Tuesday, October 23, 2007
About eight years ago my best friend moved away, we were both heart-broken. She lived here in Louisiana a few years while her husband was in graduate school and we probably spent more time together than apart! We still talk every day--at least twice a day, she's one of a kind. Having a great deal in common, we of course share our excitement for food. This is her pancake recipe and truly, they are the best pancakes I have ever had. Her favorite breakfast place in Houston gave her the recipe and if for no other reason...I'm glad she lived there long enough to get it!
Notes: These pancakes freeze well, lay waxed or parchment paper between them, let them cool, put in a plastic bag and freeze. They come in really handy during the weekdays when time runs short for breakfast and I still have to feed a very hungry Jack! (my five year old). Jack likes them with Orange blossom honey and I like them with a really good Maple syrup. You can also make them into Blueberry pancakes by adding 2 cups fresh or frozen blueberries to the batter.
Sharman's Buttermilk Pancakes
1 qt. buttermilk (4 cups)
4 oz. butter, melted (1 stick)
3 Tablespoons sugar
2 1/2 cups all purpose-flour
1 1/2 teaspoons baking soda
1 teaspoon salt
4 eggs, lightly beaten
1. In a large mixing bowl combine all ingredients, mixing just enough to incorporate together. Batter should be a little lumpy.
2. Heat a non-stick skillet or griddle over medium heat. Either spray with non-stick spray or melt a little butter in the pan or griddle. Ladle about 6-8 oz. batter per pancake and cook until lightly browned on both sides.
Monday, October 22, 2007
During the week for a variety of reasons, which you don't really want to know, (I would not want to bore you) I am sometimes short on time and 6 o'clock is here before I can blink twice and click my ruby red shoes home. This is a great dish to put together in a flash- the best part is...it wont taste like you put it together in a flash! One very important note though, it will only be as good as what you put in it; the wine, the cheese, the olives, the pasta, and most of all-- the tomatoes. I live in the south, so for me good fresh home-grown tomatoes are available almost year round...after all, I should get some perk for living in 100% humidity! In the event good tomatoes are scarce, a 14 oz. can of San Marzano tomatoes (whole, then roughly chopped) will work well.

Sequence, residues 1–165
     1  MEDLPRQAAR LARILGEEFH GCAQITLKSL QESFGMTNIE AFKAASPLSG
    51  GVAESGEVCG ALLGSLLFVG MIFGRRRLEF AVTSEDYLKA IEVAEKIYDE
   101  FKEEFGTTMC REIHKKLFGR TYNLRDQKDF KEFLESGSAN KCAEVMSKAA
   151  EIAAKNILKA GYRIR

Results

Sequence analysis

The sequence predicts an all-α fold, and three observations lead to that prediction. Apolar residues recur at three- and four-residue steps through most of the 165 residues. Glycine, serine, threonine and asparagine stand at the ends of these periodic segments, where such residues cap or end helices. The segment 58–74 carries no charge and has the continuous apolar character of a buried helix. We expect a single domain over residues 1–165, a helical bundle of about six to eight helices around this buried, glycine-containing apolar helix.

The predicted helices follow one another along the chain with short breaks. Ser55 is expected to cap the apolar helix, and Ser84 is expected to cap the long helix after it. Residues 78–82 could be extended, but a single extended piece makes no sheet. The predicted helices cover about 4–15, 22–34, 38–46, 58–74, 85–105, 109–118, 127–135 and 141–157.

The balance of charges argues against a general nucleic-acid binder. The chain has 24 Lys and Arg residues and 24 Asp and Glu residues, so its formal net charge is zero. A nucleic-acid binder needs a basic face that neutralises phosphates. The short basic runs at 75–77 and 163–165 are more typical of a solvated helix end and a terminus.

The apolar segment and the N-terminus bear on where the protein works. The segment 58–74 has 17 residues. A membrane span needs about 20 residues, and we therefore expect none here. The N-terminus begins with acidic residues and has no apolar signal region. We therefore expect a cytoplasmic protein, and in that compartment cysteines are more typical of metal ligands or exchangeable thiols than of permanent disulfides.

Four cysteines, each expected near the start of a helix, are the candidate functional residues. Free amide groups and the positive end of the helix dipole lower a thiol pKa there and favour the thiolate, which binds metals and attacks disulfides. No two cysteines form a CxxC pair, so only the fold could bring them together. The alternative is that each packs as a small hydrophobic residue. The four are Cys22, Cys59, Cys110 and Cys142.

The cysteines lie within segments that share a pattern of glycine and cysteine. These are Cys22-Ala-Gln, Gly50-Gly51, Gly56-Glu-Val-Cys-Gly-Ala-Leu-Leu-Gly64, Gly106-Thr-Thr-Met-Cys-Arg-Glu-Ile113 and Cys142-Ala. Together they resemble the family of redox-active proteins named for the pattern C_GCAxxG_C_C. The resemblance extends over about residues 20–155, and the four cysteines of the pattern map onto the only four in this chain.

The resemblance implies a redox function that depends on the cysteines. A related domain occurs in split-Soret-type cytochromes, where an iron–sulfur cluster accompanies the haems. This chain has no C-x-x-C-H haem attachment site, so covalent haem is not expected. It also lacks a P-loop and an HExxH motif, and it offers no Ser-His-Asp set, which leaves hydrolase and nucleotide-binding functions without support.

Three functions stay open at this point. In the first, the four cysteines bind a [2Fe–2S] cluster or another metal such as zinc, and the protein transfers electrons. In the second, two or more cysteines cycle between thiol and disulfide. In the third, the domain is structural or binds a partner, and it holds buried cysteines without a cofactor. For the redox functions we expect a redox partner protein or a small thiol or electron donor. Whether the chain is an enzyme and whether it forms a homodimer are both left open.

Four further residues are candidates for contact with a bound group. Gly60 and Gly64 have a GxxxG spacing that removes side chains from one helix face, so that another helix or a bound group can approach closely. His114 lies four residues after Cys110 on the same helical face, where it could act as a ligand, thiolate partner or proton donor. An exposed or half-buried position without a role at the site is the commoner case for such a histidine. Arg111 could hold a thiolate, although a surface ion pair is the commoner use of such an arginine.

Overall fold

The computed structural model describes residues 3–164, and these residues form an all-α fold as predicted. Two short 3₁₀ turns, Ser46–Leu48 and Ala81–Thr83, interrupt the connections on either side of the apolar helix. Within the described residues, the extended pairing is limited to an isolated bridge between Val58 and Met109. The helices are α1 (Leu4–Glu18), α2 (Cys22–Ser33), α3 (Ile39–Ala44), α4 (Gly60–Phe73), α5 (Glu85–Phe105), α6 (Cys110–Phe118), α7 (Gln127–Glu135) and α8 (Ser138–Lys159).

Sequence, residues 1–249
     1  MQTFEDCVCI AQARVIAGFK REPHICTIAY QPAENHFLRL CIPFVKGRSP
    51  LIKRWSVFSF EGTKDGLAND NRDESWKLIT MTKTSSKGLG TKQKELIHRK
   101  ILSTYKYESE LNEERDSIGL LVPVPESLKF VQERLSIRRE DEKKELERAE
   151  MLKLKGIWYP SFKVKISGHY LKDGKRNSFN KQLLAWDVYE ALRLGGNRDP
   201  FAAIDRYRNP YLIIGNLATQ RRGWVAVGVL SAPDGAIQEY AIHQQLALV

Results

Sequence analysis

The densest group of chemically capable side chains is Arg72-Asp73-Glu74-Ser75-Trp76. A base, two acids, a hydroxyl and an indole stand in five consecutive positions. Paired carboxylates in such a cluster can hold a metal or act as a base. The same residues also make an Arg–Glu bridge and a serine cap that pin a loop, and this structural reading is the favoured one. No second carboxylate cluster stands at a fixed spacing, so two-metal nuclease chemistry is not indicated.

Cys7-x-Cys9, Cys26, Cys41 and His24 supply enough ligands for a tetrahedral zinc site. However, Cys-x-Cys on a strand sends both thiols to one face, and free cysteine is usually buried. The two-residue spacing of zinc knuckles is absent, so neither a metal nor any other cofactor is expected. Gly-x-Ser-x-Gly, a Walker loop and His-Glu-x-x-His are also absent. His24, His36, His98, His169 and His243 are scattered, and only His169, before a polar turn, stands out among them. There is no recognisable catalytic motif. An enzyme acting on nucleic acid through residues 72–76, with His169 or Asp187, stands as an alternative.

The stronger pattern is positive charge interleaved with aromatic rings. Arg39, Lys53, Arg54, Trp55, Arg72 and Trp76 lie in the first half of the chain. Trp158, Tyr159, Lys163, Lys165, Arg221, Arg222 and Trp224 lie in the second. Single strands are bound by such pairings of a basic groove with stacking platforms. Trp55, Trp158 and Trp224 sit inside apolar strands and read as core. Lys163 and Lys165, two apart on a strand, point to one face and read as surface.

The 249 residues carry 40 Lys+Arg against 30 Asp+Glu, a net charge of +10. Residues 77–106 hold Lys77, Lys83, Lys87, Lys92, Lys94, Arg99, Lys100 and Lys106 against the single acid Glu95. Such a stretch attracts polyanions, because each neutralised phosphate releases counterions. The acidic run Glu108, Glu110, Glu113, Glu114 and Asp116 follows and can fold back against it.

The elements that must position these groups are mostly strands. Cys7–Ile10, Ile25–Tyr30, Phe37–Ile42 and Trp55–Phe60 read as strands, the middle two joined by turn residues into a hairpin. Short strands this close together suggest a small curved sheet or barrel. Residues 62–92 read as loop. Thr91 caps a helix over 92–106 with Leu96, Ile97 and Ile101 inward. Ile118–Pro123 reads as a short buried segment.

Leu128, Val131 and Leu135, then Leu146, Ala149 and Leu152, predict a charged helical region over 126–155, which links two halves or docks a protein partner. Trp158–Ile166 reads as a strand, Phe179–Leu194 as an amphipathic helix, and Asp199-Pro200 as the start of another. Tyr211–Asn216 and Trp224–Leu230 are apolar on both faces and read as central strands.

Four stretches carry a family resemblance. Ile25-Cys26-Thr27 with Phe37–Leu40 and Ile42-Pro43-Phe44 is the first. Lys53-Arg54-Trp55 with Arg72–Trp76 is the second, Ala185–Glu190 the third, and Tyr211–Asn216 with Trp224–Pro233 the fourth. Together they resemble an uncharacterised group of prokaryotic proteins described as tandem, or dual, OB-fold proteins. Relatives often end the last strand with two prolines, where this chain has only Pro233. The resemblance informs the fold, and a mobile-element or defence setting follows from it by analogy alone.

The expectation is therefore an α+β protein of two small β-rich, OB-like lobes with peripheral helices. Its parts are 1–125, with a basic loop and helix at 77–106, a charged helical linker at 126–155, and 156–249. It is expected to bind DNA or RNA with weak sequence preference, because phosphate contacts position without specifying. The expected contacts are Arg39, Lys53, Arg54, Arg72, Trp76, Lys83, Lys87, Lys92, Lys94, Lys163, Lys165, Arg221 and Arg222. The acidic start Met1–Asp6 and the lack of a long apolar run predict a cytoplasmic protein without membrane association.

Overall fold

Notes: I have never found Cerignola Olives which are already pitted, but because they are so large I just slice the meat off the pit with a paring knife. (Cerignolas are my favorite olive, but any good quality black or green olive will work). I try to always use fresh pasta for this dish, fresh Orecchiette it is available at Whole Foods. If Orecchiette is not available at your market, I would substitute with another shape of fresh pasta. Boil the pasta until al dente or a little before, this should take about three minutes over a rolling boil. Finish cooking the pasta in the the pan with the sauce, this will allow it to soak up all the flavors in the dish. There will not be much sauce left when the dish is finished, it should have almost all been soaked up by the Orecchiette. Adding the cheese in stages allows for some of the cheese to melt and some of it to remain whole.
Orecchiette with Shrimp, Fresh-water Mozzarella, Tomatoes, Olives and Basil
1 lb. fresh shrimp
1 1lb. package fresh Orecchiette pasta (the type I get is actually 500 grams, 17 oz.)
1 pint fresh cherry tomatoes, halved
1/2 cup fresh basil, plus additional basil for garnish
1/4 cup black Cerignola olives, pitted
1 teaspoon black pepper
1 teaspoon red pepper flakes
2 Tablespoons extra virgin olive oil
2 cloves garlic, thinly sliced
1/4 cup salted capers
1/4 cup white wine
1 pt. fresh-water mozzarella, roughly chopped
salt to taste
1. In a large stock pot bring water for pasta to a rolling boil. Add fresh pasta and cook for about 3 minutes or until barely al dente. Drain and set aside.
2. In a large pan heat olive oil over medium heat, add shrimp, season with salt and pepper. Cook shrimp until opaque in color. With a slotted spoon, remove shrimp from pot and set aside.
3. In the same pot with the olive oil, add garlic, black pepper, red pepper flakes, capers, olives and tomatoes. Saute over medium heat until garlic is lightly browned, about 5 minutes. Add 1/3 cup white wine and cook for an additional 3 minutes.
4. Add pasta, and basil and cook for 3 minutes longer. Turn off the heat, add half the mozzarella and shrimp. Cover the pot and allow the dish to sit for about 10-15 minutes, this will allow the pasta to soak up most of the sauce and the mozzarella will melt. Add reserved mozzarella, garnish with reserved basil, taste for salt and pepper and serve.
Friday, October 19, 2007